Vitamin A intake and osteoporosis: a clinical review.
If osteoporosis is linked with vitamin A (Vit A) A consumption, millions of people could be affected. A MEDLINE search was performed with keywords retinol, beta-carotene, and osteoporosis. Of 20 clinical studies, 3 were randomized controlled trials (RCTs), 14 were observational studies, and 3 were case reports. Most (8) observational studies were cross-sectional. Oral retinoyl palmitate (RP) in high doses induces fractures and radiographic osteoporosis in animals. Retinol intake from diet or supplements is negatively associated with lumbar, femoral neck, and trochanter bone mineral density (BMD). There is a graded increase in relative risk of hip fracture with increasing retinol intake, attributable primarily to retinol (either from diet or supplements) but not beta-carotene intake. Higher serum retinol levels are associated with higher risk of any fracture and with higher risk of hip fracture, whereas there is no evidence of harm associated with beta-carotene intake. The few RCTs involve serum markers of bone metabolism, not bone density or fracture outcomes. Observational studies are generally consistent in finding harm from either dietary or supplemental retinol intake on BMD and hip fracture risk. Total Vit A intake is more important than source in determining harm. Adverse effects may occur at a level of retinol intake that is only about twice the current recommendation for adult females.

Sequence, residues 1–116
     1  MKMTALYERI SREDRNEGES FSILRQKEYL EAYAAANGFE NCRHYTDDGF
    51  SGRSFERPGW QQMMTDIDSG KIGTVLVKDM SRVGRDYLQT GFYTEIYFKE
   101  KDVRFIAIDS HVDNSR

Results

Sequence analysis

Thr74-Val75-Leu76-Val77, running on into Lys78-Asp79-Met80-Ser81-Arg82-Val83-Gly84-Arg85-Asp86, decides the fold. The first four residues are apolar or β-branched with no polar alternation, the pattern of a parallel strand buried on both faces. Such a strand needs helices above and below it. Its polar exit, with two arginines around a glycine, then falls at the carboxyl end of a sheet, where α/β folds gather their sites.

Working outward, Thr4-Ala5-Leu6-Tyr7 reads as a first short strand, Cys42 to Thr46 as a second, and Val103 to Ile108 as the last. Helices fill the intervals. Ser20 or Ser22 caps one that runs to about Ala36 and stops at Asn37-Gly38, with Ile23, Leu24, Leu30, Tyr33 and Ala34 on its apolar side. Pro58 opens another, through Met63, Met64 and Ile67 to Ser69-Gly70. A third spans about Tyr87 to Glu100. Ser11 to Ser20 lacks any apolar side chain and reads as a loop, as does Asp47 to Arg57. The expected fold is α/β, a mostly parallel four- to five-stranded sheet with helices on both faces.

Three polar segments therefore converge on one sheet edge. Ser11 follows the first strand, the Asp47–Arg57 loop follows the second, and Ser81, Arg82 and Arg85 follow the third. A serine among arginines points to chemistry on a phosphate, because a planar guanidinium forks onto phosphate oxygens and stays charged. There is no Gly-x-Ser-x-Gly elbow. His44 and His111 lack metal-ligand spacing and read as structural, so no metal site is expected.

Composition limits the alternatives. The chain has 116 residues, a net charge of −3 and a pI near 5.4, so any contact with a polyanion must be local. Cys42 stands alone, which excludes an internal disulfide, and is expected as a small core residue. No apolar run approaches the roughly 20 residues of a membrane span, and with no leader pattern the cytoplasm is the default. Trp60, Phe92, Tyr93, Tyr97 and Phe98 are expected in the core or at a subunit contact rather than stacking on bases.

It is not yet possible to set a specific level of retinol intake above which bone health is compromised. Pending further investigation, Vit A supplements should not be used with the express goal of improving bone health.
J Womens Health (Larchmt) Oct 2004
The recommended dietary allowance (RDA) for Vitamin as preformed Vitamin A (Retinol Activity Equivalents) is 700 mcg (or 2,333 IU). This article suggests that twice that, or 4666 IU, increases fracture risk.